When the planned mega-constellations with tens of thousands of satellites are in space, the resulting light pollution will be strongest at the 50th parallel (north and south). The satellites would be visible in the night sky all over the world, but to different extents. A research team from Canada calculated this using model calculations and observation data from SpaceX’s Starlink satellites.
While the 50th parallel in the southern hemisphere only crosses the sparsely populated south of Argentina and Chile overland, its northern counterpart leads across Germany, Central Europe, Central Asia and Canada. At certain times, hundreds of satellites will be visible in the sky at the same time – all night long.
Try out the effects in the sky for yourself
The team led by Samantha Lawler from the University of Regina took part in her modeling incorporate the predicted brightness and distribution of 65,000 satellites from four mega-constellations. This amount of spacecraft is planned in the projects of Starlink, OneWeb, Kuiper and Starnet / GW from China. The research team has calculated how the satellites will be seen from different parts of the world at different times of the year and night. In some cases, several percent of the light sources visible in the sky will be such satellites, with considerable consequences not only for scientific astronomy. Changing the altitudes at which the satellites orbit cannot solve the problem either. On its own website you can have a simple simulation of the satellites displayed in the sky.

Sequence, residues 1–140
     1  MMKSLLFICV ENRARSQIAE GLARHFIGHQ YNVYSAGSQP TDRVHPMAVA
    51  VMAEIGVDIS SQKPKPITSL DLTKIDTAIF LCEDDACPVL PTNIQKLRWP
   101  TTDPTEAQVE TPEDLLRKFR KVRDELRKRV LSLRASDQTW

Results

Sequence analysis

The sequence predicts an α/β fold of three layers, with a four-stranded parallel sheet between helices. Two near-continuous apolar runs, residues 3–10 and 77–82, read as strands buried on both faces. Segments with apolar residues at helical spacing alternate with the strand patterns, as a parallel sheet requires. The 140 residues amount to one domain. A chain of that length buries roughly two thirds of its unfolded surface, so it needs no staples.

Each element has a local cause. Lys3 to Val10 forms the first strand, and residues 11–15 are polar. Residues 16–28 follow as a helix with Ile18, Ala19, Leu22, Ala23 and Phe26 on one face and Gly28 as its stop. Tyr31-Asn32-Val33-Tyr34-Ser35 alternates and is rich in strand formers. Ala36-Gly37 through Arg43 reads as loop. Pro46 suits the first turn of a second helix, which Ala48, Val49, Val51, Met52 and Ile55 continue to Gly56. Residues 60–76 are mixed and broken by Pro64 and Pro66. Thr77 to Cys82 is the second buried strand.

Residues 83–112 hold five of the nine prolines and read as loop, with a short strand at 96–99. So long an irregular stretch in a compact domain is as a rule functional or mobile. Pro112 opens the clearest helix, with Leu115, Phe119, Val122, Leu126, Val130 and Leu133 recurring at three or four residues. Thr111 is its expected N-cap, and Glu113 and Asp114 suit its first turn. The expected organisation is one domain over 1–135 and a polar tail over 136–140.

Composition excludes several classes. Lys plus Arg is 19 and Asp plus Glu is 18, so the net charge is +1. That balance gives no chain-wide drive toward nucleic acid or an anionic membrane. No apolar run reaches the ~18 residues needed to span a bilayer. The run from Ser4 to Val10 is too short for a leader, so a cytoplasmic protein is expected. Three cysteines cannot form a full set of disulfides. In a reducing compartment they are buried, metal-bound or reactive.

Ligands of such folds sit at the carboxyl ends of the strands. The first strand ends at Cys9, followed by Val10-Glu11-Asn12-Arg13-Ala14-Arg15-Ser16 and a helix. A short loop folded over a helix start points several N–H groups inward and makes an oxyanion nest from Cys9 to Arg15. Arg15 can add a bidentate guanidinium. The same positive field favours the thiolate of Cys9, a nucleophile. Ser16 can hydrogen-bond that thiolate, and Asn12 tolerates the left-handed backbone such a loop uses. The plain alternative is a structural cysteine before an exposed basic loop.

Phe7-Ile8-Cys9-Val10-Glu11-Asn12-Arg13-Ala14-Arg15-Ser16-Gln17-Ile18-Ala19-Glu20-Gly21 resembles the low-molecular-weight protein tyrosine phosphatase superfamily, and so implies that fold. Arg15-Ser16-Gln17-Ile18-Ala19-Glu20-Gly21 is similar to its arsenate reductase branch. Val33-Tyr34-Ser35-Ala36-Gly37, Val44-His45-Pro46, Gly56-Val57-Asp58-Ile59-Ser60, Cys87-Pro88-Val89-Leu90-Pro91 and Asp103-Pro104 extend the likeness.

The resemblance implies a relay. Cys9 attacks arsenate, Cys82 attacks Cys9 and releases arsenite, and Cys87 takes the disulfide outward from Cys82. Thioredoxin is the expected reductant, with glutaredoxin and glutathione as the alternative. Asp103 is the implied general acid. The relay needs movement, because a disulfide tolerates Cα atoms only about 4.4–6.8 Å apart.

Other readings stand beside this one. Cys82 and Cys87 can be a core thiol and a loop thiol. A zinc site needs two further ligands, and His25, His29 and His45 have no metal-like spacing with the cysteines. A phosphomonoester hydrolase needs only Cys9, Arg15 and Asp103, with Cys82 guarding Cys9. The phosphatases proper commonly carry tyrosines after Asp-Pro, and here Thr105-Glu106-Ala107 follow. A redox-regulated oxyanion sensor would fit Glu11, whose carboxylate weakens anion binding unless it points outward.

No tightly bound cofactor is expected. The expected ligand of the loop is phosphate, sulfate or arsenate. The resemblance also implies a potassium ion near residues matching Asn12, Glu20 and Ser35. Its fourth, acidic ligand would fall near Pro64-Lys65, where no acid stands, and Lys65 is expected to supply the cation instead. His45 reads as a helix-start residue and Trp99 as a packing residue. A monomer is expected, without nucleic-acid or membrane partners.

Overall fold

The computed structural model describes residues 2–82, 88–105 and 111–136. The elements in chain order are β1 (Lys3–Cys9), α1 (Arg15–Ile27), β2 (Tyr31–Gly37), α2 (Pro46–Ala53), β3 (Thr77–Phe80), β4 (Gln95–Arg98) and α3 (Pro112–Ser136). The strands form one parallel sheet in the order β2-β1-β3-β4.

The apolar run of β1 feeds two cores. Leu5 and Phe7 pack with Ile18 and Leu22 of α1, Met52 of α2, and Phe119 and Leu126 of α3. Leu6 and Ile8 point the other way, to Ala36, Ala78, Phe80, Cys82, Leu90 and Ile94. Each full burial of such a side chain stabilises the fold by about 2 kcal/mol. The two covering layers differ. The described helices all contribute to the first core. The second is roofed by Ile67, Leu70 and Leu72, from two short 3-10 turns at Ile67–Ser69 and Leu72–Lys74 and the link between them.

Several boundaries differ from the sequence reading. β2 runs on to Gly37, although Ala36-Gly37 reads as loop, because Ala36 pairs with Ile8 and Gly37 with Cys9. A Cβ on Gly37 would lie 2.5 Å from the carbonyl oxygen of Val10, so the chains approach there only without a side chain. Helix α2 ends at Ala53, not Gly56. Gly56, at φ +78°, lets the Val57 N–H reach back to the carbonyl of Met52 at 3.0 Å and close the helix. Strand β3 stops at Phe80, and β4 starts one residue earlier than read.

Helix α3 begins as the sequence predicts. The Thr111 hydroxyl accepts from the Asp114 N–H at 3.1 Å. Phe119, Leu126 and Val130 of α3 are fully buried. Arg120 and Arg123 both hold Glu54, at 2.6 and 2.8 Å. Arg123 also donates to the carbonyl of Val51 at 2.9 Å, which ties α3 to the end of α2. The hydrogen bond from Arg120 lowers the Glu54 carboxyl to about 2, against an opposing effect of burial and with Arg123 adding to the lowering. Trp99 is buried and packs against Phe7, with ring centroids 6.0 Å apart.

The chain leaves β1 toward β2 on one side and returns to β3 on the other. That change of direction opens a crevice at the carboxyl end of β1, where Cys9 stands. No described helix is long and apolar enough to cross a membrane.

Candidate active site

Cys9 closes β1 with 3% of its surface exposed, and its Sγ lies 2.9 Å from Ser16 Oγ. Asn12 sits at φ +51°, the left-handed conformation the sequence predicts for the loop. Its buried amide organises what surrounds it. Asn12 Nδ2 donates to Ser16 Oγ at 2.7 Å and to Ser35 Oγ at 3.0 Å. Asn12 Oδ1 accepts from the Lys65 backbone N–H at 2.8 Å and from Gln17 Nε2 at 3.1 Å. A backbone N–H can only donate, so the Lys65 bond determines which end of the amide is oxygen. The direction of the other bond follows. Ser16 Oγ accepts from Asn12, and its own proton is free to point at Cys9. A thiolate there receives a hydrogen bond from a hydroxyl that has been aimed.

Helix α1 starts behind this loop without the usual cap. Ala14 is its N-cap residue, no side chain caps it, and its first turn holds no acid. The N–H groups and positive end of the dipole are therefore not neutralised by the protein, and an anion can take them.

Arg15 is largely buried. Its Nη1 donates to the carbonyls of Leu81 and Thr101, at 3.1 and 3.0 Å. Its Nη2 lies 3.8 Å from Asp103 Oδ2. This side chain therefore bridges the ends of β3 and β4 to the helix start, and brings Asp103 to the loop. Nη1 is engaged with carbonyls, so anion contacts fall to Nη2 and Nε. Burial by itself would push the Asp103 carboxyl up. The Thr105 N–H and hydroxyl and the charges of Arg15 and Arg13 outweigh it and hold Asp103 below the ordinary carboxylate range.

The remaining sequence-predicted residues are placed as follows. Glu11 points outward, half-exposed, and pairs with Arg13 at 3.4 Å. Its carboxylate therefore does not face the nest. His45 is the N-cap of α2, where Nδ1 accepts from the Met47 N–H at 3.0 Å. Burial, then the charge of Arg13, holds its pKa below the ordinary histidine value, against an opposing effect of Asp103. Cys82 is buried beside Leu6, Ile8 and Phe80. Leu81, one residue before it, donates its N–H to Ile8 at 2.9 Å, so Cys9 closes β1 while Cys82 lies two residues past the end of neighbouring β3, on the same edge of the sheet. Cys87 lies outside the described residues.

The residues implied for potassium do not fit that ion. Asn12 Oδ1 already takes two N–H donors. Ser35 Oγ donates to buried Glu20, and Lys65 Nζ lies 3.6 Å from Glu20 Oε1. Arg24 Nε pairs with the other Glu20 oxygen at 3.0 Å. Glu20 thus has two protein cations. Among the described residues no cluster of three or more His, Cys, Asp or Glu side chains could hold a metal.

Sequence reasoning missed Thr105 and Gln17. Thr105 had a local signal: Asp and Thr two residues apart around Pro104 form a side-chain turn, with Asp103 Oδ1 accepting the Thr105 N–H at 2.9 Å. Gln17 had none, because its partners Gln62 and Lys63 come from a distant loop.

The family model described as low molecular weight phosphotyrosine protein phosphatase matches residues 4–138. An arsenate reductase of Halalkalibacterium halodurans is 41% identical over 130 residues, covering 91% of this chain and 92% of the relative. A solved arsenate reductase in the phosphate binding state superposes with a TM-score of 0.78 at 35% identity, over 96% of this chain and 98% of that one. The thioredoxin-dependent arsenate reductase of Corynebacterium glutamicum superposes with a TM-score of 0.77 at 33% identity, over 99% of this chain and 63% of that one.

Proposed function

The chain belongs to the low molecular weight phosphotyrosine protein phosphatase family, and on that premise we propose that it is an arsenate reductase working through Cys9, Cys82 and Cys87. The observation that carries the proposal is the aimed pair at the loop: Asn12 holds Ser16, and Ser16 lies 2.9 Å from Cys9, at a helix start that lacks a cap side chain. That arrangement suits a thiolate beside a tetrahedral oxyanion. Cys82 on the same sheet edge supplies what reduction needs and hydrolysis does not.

With of scientific work, which was submitted for publication in the Astrophysical Journal, the team around Lawler is contributing to the growing warnings of a continued unregulated expansion of Starlink & Co. If thousands of satellites are actually launched in the next few years as announced, this will have “devastating consequences” for research astronomy and stargazing, she warns. While the proposed infrastructure has many potential benefits, it could make it difficult for humanity to observe the cosmos. She spoke to Science News about a crossroads. The expected change in the sky is comparable to the change between the fascination that one had 100 years ago, when one occasionally saw a car, and life on a busy motorway nowadays.
More and more warnings
According to the simulation, not every region on earth will be equally affected by the light pollution of the satellite constellations for various reasons. Especially near the equator, satellites are mostly in the shadow of the earth at night, so they will not be visible. Further north (or south), hundreds of satellites remain above the human eye’s visibility limit, even around midnight. However, this could at least be minimized by higher orbits. This would have the most serious effects on observatories in Canada (and Central Europe). But even in Chile – where the European Southern Observatory is located – hundreds of satellites would sometimes be illuminated at the same time.
The work is also presented against the background of the ongoing expansion of the Starlink satellite network from SpaceX – and less quickly from OneWeb. The providers promise to bring fast Internet access to locations that have not yet been economically connected. More than 1700 satellites have already been launched for Starlink alone. For some time now there have been warnings from astronomy that the large number of artificial objects in the sky could limit research, sometimes extremely. This is not just about research in the optical spectrum, radio astronomers also fear for their observations. Changes made by SpaceX so far are of limited help. Lawler and her team are also warning that the large number of planned satellites will also significantly increase the risk of dangerous collisions.
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